Enteric-coated aspirin is not significantly less effective than uncoated aspirin is in preventing death, myocardial infarction (MI), or stroke among patients with cardiovascular disease but is also not significantly safer in terms of bleeding risk, results of a post hoc analysis of data from a randomized clinical trial suggest.
This was a post hoc analysis of the 2021 open-label randomized ADAPTABLE (Aspirin Dosing: A Patient-Centric Trial Assessing Benefits and Long-term Effectiveness) trial that showed no statistical difference between high-dose (325 mg) and low-dose (81 mg) daily aspirin in death or hospitalization for MI or stroke among 15,076 patients with atherosclerotic cardiovascular disease and no significant difference in major bleeding between doses.
For the current analysis, researchers divided participants into subgroups based on randomized aspirin dose and self-reported aspirin formulation (enteric-coated or uncoated) and evaluated the safety and effectiveness of coated and uncoated aspirin in the two doses across 26.2 months.
Of participants enrolled in ADAPTABLE, 10,678 (70.1%) reported the aspirin formulation used; the median age of this sample was 68.0 years, 68.2% were men, and 84.0% were White.
In the enteric-coated aspirin group, the cumulative incidence of death, MI or stroke was 6.6% with the 81-mg dose and 7.1% with the 325-mg dose (adjusted hazard ratio [aHR], 1.13; 95% CI, 0.88-1.45), and there were similar results for uncoated aspirin (8.5% vs 7.6%; aHR, 0.99; 95% CI, 0.83-1.18) with an interaction of P = .41 across groups.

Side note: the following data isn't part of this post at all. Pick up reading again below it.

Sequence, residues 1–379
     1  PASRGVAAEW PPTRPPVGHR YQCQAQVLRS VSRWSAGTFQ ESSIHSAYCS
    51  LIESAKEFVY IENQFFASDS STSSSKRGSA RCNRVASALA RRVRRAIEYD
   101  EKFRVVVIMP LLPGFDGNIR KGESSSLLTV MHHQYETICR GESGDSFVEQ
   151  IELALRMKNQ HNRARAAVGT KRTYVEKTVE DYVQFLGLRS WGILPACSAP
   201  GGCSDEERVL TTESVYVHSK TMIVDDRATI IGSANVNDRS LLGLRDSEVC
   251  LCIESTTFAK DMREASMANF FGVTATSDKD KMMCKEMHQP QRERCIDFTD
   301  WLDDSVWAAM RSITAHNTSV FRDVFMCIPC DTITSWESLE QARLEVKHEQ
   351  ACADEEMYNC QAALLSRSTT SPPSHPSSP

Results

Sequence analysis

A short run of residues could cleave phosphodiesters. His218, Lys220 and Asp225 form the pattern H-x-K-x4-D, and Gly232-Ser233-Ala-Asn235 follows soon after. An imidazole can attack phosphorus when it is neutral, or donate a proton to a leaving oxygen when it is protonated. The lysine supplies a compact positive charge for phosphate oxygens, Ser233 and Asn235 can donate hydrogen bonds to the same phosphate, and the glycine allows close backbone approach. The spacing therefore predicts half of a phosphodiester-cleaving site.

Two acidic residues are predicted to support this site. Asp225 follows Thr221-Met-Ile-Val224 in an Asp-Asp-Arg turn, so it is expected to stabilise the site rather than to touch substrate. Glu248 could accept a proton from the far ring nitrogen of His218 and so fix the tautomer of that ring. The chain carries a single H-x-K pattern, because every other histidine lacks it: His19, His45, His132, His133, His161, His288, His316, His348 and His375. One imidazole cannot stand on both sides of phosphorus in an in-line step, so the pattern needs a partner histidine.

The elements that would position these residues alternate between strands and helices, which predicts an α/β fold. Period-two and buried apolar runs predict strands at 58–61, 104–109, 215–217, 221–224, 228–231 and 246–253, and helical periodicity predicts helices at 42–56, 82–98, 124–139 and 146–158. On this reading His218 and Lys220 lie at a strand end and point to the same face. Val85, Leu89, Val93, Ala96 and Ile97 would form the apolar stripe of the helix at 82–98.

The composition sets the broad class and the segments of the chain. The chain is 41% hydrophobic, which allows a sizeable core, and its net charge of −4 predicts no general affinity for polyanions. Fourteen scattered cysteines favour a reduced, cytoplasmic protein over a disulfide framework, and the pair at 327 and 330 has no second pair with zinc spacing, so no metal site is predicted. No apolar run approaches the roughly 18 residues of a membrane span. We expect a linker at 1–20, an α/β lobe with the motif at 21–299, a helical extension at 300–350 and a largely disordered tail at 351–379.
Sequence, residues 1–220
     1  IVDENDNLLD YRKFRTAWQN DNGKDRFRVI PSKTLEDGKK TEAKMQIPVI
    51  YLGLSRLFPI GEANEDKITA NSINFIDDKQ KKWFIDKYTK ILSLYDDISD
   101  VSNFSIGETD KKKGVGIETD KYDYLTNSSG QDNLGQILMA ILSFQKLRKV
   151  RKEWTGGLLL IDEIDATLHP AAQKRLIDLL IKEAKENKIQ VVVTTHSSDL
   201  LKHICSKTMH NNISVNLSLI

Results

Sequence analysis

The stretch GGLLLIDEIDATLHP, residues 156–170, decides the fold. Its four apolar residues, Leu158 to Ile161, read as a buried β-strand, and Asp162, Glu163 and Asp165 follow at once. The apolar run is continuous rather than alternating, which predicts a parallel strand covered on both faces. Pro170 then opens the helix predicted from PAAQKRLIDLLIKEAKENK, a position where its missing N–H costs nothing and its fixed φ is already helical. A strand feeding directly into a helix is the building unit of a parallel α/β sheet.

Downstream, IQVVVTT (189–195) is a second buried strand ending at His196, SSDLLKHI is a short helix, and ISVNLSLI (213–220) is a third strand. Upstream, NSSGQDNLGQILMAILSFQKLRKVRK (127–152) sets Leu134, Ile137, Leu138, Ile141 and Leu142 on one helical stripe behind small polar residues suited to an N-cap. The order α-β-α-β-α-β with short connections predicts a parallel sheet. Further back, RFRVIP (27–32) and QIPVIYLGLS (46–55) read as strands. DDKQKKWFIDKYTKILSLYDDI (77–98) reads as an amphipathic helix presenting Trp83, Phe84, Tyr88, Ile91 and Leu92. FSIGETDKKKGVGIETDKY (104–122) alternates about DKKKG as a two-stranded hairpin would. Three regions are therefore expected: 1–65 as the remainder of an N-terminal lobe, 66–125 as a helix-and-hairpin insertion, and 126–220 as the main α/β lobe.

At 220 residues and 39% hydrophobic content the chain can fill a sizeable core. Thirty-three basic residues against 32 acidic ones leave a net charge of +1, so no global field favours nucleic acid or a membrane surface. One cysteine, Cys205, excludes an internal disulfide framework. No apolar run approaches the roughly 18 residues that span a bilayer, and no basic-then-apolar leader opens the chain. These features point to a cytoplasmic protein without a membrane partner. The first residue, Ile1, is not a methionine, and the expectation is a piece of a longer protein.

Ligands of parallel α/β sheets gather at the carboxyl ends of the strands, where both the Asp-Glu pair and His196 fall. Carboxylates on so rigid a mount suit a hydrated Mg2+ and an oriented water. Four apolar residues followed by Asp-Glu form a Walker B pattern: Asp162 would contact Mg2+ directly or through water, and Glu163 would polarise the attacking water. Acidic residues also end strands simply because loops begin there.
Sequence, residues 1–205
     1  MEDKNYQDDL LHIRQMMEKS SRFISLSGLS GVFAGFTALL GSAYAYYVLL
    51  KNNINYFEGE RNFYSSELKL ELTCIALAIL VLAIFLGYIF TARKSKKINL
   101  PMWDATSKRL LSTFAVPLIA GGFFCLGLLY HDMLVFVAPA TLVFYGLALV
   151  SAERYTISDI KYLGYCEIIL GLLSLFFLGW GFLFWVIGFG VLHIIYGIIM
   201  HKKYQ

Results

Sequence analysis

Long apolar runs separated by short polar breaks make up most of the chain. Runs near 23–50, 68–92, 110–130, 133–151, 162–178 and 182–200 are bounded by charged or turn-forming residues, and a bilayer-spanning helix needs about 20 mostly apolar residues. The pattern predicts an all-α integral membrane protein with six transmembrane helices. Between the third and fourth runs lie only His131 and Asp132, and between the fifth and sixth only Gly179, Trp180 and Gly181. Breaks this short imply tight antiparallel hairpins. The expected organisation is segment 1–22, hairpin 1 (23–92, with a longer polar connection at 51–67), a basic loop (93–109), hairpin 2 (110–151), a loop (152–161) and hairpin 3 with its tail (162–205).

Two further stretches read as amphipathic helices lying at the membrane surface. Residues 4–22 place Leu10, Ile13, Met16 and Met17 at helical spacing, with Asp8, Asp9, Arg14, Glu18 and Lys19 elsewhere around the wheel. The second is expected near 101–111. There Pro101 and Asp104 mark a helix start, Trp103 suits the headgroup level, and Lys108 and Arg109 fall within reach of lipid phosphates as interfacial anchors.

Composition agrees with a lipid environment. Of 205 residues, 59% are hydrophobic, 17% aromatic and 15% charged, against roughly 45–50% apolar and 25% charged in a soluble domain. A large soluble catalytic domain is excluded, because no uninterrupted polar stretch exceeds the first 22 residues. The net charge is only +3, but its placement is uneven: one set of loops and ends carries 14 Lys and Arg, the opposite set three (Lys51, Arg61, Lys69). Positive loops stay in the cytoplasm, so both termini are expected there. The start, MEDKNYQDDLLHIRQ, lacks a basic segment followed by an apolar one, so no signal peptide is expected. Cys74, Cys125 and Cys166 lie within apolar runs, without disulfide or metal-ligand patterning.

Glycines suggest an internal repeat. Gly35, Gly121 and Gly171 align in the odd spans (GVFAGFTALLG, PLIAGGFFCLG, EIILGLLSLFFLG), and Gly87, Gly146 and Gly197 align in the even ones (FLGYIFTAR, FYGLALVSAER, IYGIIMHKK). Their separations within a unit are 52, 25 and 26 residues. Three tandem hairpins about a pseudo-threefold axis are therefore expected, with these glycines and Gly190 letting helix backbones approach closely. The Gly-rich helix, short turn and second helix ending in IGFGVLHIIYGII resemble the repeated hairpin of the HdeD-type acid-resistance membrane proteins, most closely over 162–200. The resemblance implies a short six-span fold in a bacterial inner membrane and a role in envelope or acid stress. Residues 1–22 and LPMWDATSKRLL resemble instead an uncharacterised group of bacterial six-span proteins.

All-cause mortality also did not differ significantly (aHR, 0.88; 95% CI, 0.63-1.23 for enteric-coated aspirin vs aHR, 0.90; 95% CI, 0.72-1.13 for uncoated aspirin; interaction P = .90).
There was a small but significant increase in major bleeding in the higher-dose enteric-coated aspirin group (aHR, 2.37; 95% CI, 1.02-5.50), no difference in major bleeding in the uncoated aspirin cohort (aHR, 0.89; 95% CI, 0.49-1.64; interaction P = .07), and no significant difference in gastrointestinal tract bleeding.
The authors noted that the point estimate for major bleeding with enteric-coated aspirin showed an 18% relative risk reduction, although the 95% CI was wide, so a reduction in bleeding with coated aspirin can’t be reliably excluded.
“The results of this analysis did not show any difference in the effectiveness or safety outcomes analyzed by formulation of aspirin consumed regardless of the dose of aspirin participants were randomly assigned,” the authors conclude. They note that enteric-coated aspirin’s value has recently been called into question due to reduced aspirin bioavailability and the possibility of limited cardiovascular protection.
The study was carried out by Amber Sleem, DO, Department of Medicine, Ochsner Medical Center, New Orleans, and colleagues. It was published online on October 4, 2023 in JAMA Cardiology.
Only 70.1% of participants reported aspirin formulation at baseline, which they could have switched during the study, and unknown confounders may have affected choice of aspirin formulation. Use of enteric-coated aspirin was not part of the randomization stratification, so the data must be treated as if from an observational study. Enrollment of women and minority groups was relatively low, so generalizability of the results remains questionable.
The study received support from the Patient-Centered Outcomes Research Institute. Sleem has no relevant conflicts of interest; see paper for disclosures of other authors.
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